Wednesday, November 16, 2016

Black and Blae

This version is dressed with black tying thread and a blue rib to emphasize the attributes of the fly’s name. It substitutes black plastic canvas yarn for dog's fur. The blue thread rib is taken from a spool and not teased or stripped from "some fair damsel's gown.". 




Blue 6/0 thread

Muskrat without the guard hairs and black plastic canvas yarn

Snipe covert

Robert L. Smith includes fly list taken from Thomas Charleton’s poem The Art of Fishing (1819) in his The North Country Fly: The Soft Hackle Tradition (2015). Smith notes that Charleton's poem "offers further evidence of the ubiquitous use of the soft-hackled fly in the northern counties of England during the late 19th century." A rather unique fornat for an angling text, Charleton's poem draws on an earlier precedent that Smith locates in Thomas Scott'smid eighteenth-century poem The Anglers and "entwined the locally used fly patterns of Northumberland into his lengthy poem on the joys of angling in northern rivers."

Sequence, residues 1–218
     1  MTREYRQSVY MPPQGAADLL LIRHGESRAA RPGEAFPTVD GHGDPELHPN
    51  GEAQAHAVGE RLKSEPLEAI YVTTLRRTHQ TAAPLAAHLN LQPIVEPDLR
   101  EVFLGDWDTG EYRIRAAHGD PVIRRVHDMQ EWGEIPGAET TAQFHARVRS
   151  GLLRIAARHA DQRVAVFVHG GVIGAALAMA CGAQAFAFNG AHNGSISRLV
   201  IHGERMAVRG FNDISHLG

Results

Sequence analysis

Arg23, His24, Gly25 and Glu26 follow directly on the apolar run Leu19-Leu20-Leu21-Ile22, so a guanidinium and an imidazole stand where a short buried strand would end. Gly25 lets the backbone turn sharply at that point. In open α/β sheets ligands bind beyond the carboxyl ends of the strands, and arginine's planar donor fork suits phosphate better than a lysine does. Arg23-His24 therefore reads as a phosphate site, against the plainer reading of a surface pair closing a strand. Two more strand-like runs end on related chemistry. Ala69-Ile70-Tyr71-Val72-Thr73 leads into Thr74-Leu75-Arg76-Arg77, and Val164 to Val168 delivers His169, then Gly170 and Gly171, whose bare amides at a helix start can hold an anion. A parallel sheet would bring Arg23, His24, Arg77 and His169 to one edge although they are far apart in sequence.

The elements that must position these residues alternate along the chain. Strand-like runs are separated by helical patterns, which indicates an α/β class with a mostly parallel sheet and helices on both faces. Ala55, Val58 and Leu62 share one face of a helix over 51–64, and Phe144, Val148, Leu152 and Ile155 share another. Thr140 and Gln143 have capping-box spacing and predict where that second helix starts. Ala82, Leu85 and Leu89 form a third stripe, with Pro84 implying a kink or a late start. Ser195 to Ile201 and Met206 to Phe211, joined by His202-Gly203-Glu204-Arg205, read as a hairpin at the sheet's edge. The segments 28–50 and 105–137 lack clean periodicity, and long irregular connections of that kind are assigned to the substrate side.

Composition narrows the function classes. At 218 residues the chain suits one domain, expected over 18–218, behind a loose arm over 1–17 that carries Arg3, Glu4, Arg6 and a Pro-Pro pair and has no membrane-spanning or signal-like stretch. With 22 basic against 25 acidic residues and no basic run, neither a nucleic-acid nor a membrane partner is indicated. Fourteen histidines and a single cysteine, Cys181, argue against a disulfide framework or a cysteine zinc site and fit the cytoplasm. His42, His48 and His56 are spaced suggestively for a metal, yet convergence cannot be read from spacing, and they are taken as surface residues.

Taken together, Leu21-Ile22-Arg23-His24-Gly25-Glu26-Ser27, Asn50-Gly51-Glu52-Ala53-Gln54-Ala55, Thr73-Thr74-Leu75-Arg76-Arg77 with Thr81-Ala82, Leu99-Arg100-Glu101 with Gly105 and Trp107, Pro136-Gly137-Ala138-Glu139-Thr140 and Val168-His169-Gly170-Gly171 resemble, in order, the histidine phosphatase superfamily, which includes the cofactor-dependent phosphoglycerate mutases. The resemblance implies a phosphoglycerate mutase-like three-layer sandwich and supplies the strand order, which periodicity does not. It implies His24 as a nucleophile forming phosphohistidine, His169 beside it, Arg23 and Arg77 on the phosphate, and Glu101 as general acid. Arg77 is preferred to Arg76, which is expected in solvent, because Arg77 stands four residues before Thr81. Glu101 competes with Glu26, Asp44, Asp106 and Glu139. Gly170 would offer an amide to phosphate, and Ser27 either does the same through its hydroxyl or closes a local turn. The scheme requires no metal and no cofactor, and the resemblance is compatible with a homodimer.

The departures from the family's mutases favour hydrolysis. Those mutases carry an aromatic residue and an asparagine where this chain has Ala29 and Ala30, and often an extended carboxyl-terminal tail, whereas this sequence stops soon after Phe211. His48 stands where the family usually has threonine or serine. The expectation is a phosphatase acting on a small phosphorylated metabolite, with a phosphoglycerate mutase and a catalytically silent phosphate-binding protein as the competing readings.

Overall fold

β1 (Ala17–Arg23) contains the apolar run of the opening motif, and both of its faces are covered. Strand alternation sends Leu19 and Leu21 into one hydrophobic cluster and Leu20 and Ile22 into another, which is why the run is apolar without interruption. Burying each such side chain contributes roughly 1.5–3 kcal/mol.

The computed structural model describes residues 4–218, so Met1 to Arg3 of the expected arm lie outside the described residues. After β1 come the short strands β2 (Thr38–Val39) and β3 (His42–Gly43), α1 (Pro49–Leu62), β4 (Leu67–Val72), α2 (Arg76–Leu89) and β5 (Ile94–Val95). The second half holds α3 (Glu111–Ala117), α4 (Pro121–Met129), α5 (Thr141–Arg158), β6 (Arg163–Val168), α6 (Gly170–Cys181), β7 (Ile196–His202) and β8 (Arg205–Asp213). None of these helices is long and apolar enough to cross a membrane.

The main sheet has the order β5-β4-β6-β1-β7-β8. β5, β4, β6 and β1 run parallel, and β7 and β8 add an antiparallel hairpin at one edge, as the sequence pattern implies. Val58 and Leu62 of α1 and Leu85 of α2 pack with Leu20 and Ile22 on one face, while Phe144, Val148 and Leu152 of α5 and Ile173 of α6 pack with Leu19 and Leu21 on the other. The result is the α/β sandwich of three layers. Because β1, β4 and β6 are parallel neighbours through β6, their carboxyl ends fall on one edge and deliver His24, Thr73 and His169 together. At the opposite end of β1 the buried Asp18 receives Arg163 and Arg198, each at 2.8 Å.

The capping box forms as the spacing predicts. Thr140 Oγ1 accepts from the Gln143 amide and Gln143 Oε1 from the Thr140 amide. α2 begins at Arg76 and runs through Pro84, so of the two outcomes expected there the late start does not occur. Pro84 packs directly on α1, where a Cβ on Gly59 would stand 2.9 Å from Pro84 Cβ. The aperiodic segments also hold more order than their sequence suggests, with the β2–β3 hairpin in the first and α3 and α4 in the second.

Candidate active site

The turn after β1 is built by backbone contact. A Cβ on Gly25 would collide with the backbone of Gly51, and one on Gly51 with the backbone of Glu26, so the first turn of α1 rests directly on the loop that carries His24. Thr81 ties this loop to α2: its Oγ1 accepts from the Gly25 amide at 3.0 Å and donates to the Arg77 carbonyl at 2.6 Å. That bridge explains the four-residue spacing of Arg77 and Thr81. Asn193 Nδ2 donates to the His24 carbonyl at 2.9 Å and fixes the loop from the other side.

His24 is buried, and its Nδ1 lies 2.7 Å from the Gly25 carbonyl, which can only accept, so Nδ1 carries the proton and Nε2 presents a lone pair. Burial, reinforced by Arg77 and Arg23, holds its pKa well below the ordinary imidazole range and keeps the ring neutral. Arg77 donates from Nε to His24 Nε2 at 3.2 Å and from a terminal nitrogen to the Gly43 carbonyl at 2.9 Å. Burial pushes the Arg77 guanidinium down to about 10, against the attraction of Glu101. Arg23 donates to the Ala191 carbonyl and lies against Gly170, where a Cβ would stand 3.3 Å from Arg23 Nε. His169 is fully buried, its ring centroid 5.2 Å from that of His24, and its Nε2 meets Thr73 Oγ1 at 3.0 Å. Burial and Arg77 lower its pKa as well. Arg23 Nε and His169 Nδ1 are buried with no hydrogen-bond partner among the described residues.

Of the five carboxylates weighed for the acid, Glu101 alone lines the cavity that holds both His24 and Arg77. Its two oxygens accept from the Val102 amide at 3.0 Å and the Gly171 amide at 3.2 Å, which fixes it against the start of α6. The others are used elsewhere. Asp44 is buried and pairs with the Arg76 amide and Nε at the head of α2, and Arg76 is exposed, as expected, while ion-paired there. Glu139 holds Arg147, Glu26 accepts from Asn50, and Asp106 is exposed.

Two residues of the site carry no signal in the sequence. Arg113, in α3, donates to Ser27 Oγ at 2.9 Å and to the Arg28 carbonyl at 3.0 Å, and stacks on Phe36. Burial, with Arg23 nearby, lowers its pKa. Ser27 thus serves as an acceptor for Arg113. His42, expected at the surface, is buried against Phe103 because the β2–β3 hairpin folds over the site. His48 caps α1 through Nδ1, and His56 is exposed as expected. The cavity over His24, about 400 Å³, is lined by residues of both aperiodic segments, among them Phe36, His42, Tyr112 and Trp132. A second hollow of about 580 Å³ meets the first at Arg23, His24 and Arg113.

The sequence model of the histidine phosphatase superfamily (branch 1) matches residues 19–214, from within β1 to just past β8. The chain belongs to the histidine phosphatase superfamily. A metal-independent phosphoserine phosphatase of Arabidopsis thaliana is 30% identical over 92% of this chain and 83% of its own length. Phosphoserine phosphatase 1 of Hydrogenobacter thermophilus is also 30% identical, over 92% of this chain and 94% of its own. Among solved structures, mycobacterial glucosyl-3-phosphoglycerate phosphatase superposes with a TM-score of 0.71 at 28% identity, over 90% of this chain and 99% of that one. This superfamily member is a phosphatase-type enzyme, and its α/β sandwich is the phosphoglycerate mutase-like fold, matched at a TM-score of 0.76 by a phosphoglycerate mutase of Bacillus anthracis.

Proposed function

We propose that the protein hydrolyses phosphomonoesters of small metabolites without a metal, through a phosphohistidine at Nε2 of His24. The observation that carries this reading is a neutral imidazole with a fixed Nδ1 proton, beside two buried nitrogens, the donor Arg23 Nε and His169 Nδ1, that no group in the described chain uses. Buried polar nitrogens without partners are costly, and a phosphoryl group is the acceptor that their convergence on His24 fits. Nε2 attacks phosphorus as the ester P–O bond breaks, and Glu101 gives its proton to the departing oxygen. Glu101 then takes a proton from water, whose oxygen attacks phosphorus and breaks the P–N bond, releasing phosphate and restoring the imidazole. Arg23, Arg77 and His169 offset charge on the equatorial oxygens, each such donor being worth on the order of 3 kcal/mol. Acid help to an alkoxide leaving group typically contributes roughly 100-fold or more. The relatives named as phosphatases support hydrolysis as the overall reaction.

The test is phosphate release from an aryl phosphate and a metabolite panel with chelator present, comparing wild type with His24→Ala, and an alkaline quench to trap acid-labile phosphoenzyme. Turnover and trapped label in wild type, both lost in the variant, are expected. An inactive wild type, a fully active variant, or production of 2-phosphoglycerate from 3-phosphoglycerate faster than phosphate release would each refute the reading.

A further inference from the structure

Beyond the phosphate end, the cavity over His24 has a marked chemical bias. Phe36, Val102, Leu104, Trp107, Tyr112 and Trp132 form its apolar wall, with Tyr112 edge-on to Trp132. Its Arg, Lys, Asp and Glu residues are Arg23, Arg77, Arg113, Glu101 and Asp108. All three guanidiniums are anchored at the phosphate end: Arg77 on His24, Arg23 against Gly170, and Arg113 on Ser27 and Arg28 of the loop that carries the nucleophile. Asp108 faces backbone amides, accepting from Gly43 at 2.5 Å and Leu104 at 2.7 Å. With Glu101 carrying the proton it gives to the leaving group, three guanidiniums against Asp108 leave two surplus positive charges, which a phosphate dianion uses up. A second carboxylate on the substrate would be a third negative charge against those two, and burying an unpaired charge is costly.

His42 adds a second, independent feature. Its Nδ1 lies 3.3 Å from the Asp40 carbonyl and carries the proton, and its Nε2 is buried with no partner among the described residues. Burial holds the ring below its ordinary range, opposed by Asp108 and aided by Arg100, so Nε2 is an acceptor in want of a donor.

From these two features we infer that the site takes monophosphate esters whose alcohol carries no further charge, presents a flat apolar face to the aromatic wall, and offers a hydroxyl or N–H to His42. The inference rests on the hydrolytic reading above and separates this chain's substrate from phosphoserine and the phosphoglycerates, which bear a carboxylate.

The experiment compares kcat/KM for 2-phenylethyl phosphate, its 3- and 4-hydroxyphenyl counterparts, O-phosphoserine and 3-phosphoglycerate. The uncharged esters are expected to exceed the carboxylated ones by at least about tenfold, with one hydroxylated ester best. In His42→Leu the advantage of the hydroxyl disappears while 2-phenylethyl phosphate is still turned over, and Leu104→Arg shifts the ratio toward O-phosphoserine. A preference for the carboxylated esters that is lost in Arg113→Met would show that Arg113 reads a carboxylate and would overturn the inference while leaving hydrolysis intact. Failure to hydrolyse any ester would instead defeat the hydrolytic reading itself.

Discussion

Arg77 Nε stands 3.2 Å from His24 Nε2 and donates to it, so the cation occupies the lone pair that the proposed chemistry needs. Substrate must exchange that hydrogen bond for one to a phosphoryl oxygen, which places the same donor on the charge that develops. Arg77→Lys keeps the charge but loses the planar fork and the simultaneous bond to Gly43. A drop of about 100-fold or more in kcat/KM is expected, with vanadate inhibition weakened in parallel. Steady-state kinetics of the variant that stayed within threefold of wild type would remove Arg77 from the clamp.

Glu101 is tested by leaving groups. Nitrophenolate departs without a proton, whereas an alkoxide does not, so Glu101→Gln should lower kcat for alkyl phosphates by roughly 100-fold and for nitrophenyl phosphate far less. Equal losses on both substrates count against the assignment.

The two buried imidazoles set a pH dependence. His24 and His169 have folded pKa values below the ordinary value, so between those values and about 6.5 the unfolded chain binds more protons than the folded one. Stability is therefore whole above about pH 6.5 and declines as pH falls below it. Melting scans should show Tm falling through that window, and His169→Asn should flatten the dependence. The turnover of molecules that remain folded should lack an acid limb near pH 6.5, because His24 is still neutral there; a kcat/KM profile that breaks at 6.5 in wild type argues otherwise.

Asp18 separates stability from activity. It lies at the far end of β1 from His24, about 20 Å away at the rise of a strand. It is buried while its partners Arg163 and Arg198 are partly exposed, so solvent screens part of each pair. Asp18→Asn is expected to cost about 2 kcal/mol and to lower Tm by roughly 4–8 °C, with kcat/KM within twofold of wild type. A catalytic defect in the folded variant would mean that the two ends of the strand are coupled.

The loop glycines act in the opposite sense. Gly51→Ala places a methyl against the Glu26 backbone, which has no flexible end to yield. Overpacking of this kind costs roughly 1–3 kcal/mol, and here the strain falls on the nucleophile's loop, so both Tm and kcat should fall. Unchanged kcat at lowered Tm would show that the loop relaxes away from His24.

Charleton recommends fishing the Black and Blae when "March comes in." The dressing is 

Dubb’d with the fur of black dog’s skin,
And water rat’s blae down;
For wings snipe hackles far excel,
Blue silk its rib can mimic well,
From some fair damsel’s gown.


  1. Hi, Neil. I have been away from the blogging scene for a bit, but, wanted to let you know I am back and have included your link on my Blogroll. Would you consider sharing mine with your list.

    I am really interested in tying the last couple of patterns you featured here for use on my local waters.

    1. Thanks for including me, Mel - you'll see your blog listed on my roll, as well. If you tie the ones you've seen here, let me know how they do for you.